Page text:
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  1. radkovelli
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    radkovelli Member

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    How to handle writing about serious topics?

    Discussion in 'General Writing' started by radkovelli, Dec 7, 2015.

    The novel I'm writing deals with many serious issues and I feel as though I've portrayed them all very well. There is one I want to double check, though.

    An important part of the book is when the main character recalls of when he got raped a few years prior. This is so important because he mentions the person who did it and the act of it many times as the book progresses; it's a huge reason behind all his fear and struggling. I believe I've written it in a way that handles the issue properly, however, I just want to make sure.

    What are some good things to keep in mind when writing a scene like this? Are there any do's and don'ts? When the character discusses what happened, he talks about only the mental aspect of it, not any physical details. Is that okay?

    I just want to look back at my work, check it, and make sure I've dealt with this subject properly, since it is so serious.

    Thanks for the advice. :)
     
  2. AASmith
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    AASmith Contributing Member

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    I think the best thing is to make the scene believable. As long as it's believable then you will be okay. If you have not experienced this, try talking to people who have that may be willing to give you some tips on what it is they go through. Or you can probably look this us on reputable websites that discuss rape.
     
  3. NiallRoach
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    NiallRoach Contributing Member

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    The fact that you're concerned about this basically precludes you being horribly insensitive. There's no way to be 100% sure, because we've not read your MS, and because sensitivity is different to different people, but you're probably already safe from most grievous offensive accidents by simply realising tat this is something to be handles with care.
     
  4. DueNorth
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    DueNorth Active Member

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    Many times people, well-meaning as they might be, think they are helping the sexual abuse victim by colluding with them in not openly talking about the details of their abuse/assault. I wonder if your reluctance to reveal the details to your reader is in any way an indication of your own discomfort with the topic? The reason I raise this point is that the chief psychological issue for victims is shame. What enhances shame? The implication that what happened is too awful to talk about. What is the antidote to shame?--open discussion and acceptance. Pat Conroy in "The Prince of Tides" portrays the long-term outcome of sexual assault and secrecy in his typical vividly descriptive fashion. I'm sure others can cite many other literary examples. As a writer, I think it would be a more powerful story (unless there is a compelling reason not to do so) to let the reader know what happened and this will provide more insight and empathy towards your character's struggle with shame, anger, urges for revenge, etc.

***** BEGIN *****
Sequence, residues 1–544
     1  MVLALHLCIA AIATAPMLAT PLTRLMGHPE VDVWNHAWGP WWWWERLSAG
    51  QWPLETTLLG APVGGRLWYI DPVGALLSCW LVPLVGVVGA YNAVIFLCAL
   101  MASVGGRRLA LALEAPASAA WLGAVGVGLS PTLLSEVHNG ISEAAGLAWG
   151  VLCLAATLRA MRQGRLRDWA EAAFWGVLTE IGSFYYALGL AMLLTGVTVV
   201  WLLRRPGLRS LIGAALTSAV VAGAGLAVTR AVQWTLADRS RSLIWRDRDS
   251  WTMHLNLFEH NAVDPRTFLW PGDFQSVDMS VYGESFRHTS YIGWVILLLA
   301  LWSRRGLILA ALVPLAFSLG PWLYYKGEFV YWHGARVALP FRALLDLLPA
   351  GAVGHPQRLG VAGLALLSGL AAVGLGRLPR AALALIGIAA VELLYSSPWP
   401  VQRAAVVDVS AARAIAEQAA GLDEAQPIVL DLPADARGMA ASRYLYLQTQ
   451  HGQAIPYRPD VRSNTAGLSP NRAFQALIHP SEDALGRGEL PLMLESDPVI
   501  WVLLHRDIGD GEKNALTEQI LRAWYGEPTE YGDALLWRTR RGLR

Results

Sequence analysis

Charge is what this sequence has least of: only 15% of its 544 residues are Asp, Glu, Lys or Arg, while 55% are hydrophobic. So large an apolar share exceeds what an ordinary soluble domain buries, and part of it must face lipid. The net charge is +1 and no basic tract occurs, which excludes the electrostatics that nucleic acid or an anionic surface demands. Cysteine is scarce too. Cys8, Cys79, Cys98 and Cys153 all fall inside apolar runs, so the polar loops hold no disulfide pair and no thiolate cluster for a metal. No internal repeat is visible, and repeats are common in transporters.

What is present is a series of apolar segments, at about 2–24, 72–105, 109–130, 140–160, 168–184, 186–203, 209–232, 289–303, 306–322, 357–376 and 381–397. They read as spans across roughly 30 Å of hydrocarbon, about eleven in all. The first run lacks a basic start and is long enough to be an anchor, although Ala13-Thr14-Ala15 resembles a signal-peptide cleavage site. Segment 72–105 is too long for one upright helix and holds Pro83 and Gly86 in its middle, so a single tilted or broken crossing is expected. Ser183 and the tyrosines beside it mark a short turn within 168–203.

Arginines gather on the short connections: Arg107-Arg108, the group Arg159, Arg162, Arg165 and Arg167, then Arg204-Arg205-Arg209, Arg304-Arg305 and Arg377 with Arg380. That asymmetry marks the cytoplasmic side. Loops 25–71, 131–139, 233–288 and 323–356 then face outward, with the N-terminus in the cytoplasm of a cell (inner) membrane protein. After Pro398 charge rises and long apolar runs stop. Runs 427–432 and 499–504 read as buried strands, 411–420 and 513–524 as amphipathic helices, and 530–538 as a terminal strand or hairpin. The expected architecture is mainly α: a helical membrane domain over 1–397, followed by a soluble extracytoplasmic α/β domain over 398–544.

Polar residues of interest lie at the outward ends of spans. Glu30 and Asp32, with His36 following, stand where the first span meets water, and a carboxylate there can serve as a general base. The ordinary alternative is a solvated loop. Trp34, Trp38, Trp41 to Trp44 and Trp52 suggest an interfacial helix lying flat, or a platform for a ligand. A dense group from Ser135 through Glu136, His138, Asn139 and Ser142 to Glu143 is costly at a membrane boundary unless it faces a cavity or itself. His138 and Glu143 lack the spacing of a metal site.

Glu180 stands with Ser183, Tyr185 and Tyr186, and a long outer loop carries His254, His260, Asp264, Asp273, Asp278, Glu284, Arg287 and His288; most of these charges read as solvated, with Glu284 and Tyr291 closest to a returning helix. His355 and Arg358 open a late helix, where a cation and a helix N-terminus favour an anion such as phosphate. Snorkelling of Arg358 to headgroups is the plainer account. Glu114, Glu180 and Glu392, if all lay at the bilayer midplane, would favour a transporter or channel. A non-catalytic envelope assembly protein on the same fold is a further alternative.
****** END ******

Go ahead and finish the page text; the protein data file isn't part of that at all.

5. Jeff Countryman
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    Jeff Countryman Living the dream Supporter

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    On the "do" list is - keep it relevant to the character's arc/maturity/age. For example, if the incident happened when he was 12 and he's now 70 year old, he'll have matured and developed and different perspective. On the other hand, if the story is only 1-year long and he's now only 13 then he'll not have matured enough to deal with it maturely. It's all 'relative to time', perhaps.

    On the 'do not do' list is - write the rape scene per se. Let them come out in bits and pieces through the character's memory/emotions/character-development.

    The best I've read is Diana Gabaldon's series called 'Outlander' where one of the two main characters had a male-male rape scene in prison in the 1700's (described vividly at the time) and how it plays-out through his character/acceptance of the span of his life (the novels are exceptionally long and span mega years, though) and it's not 'the story'; it's only portrayed to point out his maturing attitude to people and life.

    Hope that helps. Just keep it relative and 'in character'.
     

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